Pennsylvania bill promotes use of treated mine water in fracking

closeup of the facilities of a coal industry
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A new bill that would help reduce the use of fresh water in natural gas drilling operations by promoting the use of treated mine water was introduced last Wednesday by Pennsylvania Republican senator Camera Bartolotta.

In recent years, drilling companies have significantly reduced their reliance on water from Pennsylvania’s rivers and streams by adopting the environmentally responsible practice of treating and reusing mine water for their operations. However, uncertainties regarding liability issues have prevented some companies from utilizing this innovative approach.

Using mine water in hydraulic fracturing has been a controversial issue as – in the past – some companies have been known to use untreated water that leaked from abandoned mines into rivers and streams. However, the treated mine water has been put through the existing remediation process which removes some metals and the acidity, followed by an ion-based system to extract sulfates and metals such as iron from the acid mine drainage. The result is clean water that can be used in fracturing operation in an environmentally-safe way.

Bartolotta’s bill would promote the beneficial use of treated mine water in oil and gas operations by clarifying liabilities associated with this water source – thereby removing any uncertainties about any liabilities faced by the drilling companies.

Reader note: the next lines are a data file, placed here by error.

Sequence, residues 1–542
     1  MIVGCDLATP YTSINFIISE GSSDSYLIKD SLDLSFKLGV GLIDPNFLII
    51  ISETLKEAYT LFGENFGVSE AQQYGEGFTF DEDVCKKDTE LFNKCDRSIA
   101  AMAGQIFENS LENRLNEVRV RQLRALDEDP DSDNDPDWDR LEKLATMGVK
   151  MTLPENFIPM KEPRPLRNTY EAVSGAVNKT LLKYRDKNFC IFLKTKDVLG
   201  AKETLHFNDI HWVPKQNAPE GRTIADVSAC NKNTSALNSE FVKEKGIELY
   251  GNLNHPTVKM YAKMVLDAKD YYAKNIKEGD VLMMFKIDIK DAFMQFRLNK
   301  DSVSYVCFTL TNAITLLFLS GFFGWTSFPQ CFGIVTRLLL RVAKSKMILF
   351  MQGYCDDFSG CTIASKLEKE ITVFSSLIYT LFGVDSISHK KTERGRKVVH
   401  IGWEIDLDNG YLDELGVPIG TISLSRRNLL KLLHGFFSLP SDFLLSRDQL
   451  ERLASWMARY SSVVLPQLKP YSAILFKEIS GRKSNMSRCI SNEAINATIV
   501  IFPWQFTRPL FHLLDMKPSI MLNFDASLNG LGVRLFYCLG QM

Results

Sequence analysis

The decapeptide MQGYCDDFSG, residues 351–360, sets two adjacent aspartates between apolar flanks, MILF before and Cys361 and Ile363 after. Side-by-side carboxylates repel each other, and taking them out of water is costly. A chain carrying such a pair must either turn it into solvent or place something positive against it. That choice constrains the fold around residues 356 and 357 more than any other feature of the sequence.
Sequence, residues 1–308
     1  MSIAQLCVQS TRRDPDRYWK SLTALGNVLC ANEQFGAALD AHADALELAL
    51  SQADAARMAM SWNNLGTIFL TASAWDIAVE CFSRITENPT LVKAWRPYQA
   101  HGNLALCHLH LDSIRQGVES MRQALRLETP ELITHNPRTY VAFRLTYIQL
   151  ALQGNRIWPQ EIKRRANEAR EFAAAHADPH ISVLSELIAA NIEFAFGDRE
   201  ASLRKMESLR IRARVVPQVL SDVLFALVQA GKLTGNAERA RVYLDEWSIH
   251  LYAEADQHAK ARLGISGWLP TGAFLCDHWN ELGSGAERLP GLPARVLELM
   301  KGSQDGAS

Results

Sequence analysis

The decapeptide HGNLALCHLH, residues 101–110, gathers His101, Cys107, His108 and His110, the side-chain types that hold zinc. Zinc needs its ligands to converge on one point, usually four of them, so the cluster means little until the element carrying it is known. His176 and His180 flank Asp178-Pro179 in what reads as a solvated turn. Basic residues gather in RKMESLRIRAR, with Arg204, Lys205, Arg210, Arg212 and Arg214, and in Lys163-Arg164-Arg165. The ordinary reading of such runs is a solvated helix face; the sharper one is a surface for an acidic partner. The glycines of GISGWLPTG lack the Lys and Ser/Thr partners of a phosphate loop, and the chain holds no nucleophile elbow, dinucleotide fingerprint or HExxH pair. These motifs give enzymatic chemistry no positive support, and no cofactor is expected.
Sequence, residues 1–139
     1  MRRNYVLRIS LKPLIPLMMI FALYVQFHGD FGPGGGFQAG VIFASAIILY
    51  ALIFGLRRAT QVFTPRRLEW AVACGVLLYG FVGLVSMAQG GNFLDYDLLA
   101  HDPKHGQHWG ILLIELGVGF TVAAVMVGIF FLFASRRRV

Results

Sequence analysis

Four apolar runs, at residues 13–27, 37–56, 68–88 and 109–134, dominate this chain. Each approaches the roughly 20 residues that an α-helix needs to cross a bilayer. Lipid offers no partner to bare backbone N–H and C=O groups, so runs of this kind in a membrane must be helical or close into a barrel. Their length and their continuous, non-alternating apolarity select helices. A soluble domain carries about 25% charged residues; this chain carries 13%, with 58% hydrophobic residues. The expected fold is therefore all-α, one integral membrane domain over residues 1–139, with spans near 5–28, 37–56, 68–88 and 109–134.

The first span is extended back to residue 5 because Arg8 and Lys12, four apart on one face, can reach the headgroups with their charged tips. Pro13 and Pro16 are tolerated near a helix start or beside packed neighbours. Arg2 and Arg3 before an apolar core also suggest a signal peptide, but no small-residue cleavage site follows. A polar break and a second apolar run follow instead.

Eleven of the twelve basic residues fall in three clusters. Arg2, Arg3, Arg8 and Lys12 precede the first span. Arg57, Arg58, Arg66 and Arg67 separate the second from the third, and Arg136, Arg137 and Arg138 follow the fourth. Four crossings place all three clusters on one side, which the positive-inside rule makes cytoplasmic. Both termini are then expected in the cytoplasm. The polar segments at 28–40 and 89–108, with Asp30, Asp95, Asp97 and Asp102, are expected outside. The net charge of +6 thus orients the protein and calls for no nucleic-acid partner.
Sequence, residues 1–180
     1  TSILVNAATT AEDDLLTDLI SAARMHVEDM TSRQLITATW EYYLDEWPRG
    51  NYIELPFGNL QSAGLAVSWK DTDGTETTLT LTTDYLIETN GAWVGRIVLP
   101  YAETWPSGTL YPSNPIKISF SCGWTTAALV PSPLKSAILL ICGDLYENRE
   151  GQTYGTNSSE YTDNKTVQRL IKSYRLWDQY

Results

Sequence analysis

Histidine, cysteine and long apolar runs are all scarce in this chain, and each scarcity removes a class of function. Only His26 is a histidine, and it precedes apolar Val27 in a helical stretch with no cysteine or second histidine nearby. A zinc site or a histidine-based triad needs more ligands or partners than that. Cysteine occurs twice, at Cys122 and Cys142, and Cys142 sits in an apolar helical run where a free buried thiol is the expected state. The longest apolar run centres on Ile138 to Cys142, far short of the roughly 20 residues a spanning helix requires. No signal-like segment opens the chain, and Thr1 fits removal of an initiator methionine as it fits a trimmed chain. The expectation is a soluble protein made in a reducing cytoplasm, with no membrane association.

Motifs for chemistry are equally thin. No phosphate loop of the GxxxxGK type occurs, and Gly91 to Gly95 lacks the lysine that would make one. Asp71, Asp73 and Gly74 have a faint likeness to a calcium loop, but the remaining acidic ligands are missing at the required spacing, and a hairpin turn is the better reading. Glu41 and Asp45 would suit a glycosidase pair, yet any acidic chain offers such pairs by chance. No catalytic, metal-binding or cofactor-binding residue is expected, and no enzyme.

“Since both of these industries require the use of millions of gallons of water, using treated mine water in the natural gas drilling process holds the potential to substantially reduce the withdrawal demand placed upon Pennsylvania’s waterways,” Bartolotta said. “Questions regarding legal liability are the most serious barrier preventing more companies from utilizing this innovative process. My legislation would help clear up any confusion relating to liability.”

Bartolotta emphasized that her legislation would not weaken environmental safeguards designed to protect public health.

“Existing water treatment standards ensure this water source is safe to use in the natural gas drilling process,” Bartolotta said. “Nothing in the bill would undermine existing laws pertaining to water quality and treatment for mine operators or gas and oil companies. It only clarifies the parties who would be financially responsible for failure to comply with the law.”

The bill was welcomed by the Marcellus Shale Coalition – the drilling industry’s trade group in Pennsylvania, counting 40 energy companies as their members – whose president, Dave Spigelmyer, said: “While we’re still reviewing this legislation, commonsense approaches like this reflect innovative solutions that shale producers are leveraging across the Commonwealth aimed at enhancing our environment.”

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